We make excuses for not keeping up with our mind training, but more than that we don’t practice. Here I have a perfect opportunity in selling the house and moving 4500 kms, to keep up, to train each day, to recognize emotions and face things I’ve kept in a room. BUT if I open the door and wholeheartedly get to it, I get to all the stuff I’ve avoided for years, which is fear, sadness, disappointment, a wall of emotion, lingering and festering.

Judy Lief says:

“Pay attention to the boundary between wholehearted practice and a more vague and lukewarm approach. Notice your thinking process, your bodily sensations, and emotional undercurrents. What happens at those moments in which you click in and are really practicing?”

I can tell you what happens, the emotions dissipate, I feel relief and hope and I think to myself “This isn’t so bad.” But it requires some discipline to do it, to practice wholeheartedly.

Time to munch some seeds.

Lojong #26

April 26, 2015

I had a meltdown last night, worrying about moving and “staging” the house for sale and not having room to put things away, and having to take art down off the walls. The trouble is that I have nowhere to store paintings safely and I know the glass would get broken and I’m weary of things getting wrecked. I will take small things down that I can wrap and keep safe before we paint the rooms. Edit it somewhat, but only small things that I can store without breaking them.

Still, it bugs me, all this staging stuff you have to do today. You want things to look nice and get a good sale price but everybody wants perfection. I already have trouble sleeping and this worry exacerbates it.

Lojong #26
Don’t ponder others.


That leaf in the middle is starting to feel surrounded and bound on all sides. All these other plants saying “Your leaves should be like mine!” Other people do tend to get preoccupied with helping you fix or change things. They get caught up in comparing, assuming, analyzing, and living your life instead of their own. It’s distracting to them, it’s about making them feel okay, not you.

I got two calls in the last two weeks from someone I refer to as The Cat Lady. Neither one of us will answer the phone and speak to her. This is not a friend, this is someone who latched onto me and has never really made an effort to know me or to listen to me after 28 years. She hasn’t been in my house for 15 years, and yet she phones and phones sounding bitter and resentful when I do pick up the phone. I can no longer take it.

This card is about minding your own business. We have enough trouble knowing our own hearts and minds, so how can we know about others? Norman Fischer calls this “Don’t figure others out.” What a relief just to say it. (Judy Lief says the same thing, so that’s a innate part of this slogan, we all feel the relief.)

Part of not figuring people out is to leave them alone, don’t ponder them. It works both ways. Trust your own experience and don’t compare yourself, don’t highlight the flaws of others and ignore your own.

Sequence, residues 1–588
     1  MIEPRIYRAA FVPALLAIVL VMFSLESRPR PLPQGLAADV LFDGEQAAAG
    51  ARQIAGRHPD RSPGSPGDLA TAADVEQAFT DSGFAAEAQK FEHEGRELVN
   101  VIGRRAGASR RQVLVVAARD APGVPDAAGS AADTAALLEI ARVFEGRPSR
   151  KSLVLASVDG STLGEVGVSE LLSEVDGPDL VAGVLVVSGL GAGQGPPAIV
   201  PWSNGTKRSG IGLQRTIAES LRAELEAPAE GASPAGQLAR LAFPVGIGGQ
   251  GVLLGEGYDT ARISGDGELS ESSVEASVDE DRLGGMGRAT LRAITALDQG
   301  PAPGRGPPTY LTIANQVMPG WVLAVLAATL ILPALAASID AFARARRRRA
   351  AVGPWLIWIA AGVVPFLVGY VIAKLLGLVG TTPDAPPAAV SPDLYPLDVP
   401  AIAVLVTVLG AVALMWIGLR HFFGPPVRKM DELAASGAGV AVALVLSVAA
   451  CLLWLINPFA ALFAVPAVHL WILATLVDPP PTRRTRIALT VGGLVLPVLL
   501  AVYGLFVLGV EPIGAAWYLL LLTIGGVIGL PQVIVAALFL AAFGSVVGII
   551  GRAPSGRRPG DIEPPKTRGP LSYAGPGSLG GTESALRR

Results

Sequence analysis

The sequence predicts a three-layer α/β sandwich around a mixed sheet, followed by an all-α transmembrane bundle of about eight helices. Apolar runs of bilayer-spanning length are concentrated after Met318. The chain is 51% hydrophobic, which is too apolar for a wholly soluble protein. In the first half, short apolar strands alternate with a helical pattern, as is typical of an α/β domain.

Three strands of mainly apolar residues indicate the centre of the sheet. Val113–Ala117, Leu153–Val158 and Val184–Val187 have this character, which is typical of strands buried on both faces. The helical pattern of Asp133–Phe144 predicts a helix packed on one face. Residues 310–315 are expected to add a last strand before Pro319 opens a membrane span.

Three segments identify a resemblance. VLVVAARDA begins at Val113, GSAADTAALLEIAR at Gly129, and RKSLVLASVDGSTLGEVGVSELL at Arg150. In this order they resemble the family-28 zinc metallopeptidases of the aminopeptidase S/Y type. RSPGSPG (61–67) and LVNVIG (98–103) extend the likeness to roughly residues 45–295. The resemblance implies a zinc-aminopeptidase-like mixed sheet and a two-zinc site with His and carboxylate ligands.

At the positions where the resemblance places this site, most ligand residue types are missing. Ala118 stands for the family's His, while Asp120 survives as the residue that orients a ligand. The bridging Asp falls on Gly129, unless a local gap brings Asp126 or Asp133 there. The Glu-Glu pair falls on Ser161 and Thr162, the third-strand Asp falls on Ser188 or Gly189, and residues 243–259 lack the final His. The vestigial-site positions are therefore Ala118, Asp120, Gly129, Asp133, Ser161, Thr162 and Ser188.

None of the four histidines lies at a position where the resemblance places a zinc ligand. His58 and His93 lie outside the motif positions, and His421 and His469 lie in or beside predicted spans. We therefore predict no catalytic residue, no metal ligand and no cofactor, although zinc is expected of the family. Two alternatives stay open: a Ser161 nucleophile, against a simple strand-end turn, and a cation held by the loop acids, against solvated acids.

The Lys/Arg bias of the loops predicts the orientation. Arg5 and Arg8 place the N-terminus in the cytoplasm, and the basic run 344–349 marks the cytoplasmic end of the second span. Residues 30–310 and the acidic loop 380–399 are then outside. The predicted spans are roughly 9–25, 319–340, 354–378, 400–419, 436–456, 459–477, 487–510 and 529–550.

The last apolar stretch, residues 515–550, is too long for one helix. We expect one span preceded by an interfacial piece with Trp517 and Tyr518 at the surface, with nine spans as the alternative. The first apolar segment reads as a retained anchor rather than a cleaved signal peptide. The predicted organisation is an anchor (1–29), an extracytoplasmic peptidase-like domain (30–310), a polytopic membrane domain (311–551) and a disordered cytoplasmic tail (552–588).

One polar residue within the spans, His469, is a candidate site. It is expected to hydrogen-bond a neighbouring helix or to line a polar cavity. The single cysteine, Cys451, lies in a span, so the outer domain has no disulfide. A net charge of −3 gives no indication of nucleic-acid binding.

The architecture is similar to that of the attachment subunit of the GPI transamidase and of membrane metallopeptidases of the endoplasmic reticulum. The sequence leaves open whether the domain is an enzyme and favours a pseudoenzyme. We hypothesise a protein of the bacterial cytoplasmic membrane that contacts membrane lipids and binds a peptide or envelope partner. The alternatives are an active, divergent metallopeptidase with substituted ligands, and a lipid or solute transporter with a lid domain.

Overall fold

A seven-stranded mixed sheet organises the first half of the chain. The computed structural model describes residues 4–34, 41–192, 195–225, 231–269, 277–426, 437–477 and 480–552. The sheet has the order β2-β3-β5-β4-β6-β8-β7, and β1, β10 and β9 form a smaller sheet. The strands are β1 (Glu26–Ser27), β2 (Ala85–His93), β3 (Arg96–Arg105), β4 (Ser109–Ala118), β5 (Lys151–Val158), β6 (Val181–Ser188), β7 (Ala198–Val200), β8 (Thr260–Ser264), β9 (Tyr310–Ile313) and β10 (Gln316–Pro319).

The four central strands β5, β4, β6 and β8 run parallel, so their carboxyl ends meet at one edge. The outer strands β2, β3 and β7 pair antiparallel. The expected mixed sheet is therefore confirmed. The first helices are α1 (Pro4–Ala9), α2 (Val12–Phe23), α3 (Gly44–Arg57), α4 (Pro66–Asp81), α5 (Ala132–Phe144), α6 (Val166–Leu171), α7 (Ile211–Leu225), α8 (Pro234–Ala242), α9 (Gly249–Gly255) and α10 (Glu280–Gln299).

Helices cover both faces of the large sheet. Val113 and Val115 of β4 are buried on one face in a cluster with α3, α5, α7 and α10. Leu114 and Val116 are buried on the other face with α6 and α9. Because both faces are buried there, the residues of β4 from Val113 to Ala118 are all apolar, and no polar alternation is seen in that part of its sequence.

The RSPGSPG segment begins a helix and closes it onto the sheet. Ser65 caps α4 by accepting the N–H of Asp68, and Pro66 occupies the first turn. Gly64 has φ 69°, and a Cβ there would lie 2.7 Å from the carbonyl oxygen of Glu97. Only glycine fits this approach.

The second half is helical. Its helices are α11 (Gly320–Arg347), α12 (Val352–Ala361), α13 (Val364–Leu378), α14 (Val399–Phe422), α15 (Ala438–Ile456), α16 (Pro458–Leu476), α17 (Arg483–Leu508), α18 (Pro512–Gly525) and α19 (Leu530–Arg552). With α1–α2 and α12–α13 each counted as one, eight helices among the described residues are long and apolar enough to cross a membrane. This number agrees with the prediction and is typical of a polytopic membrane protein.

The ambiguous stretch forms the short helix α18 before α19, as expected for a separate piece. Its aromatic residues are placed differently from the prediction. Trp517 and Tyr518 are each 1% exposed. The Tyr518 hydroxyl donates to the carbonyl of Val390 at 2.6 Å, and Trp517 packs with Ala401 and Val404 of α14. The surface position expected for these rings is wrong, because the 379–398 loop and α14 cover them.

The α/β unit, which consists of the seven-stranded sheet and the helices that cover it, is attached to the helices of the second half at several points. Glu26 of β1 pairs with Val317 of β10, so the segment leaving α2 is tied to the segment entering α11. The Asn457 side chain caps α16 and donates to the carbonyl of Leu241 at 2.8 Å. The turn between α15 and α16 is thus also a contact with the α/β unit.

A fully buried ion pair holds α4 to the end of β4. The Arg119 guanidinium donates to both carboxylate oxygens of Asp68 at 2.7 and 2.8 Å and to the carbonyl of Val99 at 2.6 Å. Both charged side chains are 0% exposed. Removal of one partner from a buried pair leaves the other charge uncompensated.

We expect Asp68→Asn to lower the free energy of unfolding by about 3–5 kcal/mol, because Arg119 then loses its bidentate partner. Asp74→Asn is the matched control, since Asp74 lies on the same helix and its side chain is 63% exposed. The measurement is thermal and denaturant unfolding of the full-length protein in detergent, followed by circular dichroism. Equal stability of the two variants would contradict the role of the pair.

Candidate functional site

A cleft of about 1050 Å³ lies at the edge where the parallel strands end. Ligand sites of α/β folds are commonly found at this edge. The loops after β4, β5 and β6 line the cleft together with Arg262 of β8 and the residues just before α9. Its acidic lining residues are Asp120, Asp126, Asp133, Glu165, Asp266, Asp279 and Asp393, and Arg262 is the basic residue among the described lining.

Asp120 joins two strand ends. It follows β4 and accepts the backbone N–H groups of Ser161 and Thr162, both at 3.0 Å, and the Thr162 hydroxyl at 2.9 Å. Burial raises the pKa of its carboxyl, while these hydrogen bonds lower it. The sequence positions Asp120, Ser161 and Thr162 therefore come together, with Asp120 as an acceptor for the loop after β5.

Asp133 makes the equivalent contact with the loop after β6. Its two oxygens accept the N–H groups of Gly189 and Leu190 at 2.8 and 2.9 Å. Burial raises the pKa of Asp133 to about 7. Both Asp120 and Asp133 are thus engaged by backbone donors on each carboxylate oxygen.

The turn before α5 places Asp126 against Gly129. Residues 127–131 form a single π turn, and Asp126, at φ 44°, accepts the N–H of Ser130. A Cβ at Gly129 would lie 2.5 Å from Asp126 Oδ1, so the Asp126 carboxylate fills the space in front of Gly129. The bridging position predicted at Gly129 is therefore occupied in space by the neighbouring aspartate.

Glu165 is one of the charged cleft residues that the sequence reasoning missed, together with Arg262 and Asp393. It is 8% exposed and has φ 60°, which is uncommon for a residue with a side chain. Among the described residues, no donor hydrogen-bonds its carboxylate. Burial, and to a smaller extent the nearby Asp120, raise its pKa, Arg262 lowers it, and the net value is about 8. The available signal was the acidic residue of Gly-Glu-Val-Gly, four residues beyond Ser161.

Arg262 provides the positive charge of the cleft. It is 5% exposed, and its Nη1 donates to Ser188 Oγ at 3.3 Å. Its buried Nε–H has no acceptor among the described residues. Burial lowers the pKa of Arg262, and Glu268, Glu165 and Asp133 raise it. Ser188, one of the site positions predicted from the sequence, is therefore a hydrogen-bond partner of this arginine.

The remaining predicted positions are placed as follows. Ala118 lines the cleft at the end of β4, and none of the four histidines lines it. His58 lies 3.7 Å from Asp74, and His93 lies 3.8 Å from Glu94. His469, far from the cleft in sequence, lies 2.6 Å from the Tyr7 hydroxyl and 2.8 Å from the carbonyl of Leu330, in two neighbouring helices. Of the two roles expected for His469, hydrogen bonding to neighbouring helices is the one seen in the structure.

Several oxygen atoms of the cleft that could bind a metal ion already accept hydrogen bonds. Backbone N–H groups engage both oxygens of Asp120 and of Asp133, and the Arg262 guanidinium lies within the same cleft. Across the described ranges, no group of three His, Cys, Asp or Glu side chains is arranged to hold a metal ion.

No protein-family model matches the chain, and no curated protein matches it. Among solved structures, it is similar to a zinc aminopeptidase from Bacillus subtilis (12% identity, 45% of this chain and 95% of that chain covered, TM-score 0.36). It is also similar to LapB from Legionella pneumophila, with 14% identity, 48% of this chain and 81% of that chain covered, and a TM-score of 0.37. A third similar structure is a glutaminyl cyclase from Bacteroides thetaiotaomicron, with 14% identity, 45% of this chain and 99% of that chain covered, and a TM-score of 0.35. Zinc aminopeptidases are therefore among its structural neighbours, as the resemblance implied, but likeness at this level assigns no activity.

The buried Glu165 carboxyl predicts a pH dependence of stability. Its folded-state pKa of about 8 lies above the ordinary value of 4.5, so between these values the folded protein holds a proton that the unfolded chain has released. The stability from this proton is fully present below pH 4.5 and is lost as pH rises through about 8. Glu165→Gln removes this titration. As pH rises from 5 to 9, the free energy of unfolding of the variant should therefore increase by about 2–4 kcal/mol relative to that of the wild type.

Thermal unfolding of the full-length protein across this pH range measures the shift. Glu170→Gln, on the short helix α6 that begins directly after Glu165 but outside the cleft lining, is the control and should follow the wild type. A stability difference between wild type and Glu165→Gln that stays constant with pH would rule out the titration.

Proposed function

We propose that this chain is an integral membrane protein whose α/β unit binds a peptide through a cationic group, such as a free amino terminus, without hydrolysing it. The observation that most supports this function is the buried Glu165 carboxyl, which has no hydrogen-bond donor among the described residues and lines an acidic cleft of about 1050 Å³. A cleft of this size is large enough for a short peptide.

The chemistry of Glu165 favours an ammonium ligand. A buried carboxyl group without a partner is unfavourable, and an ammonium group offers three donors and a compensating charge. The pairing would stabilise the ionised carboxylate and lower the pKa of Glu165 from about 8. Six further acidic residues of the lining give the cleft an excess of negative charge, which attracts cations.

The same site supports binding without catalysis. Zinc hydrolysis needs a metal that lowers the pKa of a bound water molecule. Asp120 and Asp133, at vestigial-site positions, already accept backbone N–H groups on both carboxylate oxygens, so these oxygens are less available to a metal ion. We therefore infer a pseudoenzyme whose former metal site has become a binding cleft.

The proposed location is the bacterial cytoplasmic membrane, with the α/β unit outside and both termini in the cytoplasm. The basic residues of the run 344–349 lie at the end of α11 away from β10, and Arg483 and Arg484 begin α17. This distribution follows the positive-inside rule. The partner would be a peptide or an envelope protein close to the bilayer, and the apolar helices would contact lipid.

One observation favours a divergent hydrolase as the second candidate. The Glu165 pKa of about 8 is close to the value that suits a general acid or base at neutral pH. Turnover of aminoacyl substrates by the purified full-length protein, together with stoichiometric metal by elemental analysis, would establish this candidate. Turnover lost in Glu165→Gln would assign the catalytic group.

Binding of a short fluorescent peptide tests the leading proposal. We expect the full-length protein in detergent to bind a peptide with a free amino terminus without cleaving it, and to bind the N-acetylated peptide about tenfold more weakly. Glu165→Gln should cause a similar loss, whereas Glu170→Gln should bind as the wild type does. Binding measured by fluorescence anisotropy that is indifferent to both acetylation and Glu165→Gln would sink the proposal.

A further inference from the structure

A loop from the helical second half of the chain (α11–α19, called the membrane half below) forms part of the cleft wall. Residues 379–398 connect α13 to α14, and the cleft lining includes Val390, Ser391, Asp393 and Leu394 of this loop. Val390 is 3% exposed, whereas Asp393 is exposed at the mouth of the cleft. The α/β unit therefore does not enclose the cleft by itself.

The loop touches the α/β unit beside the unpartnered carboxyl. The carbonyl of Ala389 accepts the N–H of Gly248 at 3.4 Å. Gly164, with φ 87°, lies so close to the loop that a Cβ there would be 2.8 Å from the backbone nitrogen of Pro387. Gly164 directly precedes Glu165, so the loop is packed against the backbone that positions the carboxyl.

Lojong #3

March 17, 2015

Lojong #3
Examine the nature of unborn awareness.


This is about awareness, how we think we are something, we label it, tie it to objects, or trot out our stories about ourselves, but awareness of “me” is another feeling, a mysterious unknown. Every now and then we grasp this, if we can let the rational babble go and simply sit without it. The light dawns on this thing we are.

For me, this is akin to Wayne Dyer’s phrase “The secret that sits in the centre and knows” for which Bev’s photograph of the shell provides an echo. Find yourself under all those emotions, and sensations. It’s identifiable but it’s not what you think of as your identity. Norman Fischer says it’s a “feeling of presence” a profound and mysterious thing. He also says that the “burden” of this card is to recognize this fact and train in it.

Bev explains more on her blog post for this card. All our memories are stored in the brain and they can generate emotion or identity quite readily. This is “born” awareness. But underneath that is the awareness that has no labels for things, and does not sort and categorize, does not get overridden by emotions, and this is “unborn” awareness.

The burden for this is that to access or recognize this is hard for us at first since we are so used to the other way. Training by meditation, letting the learned identity go, will provide understanding of this.

I suppose some think this feeling of presence is God, we really don’t know. But the feeling of something more substantial than your normalized identity is profound and it flickers in and out of awareness.

We really don’t know what we are, do we? We can say we are human, we are a species that lives on Earth, but beyond the biological things, we have no idea other than this fleeting perception that underneath it all there is something mysterious, something else, some other “me” than the identity we carry around in our minds.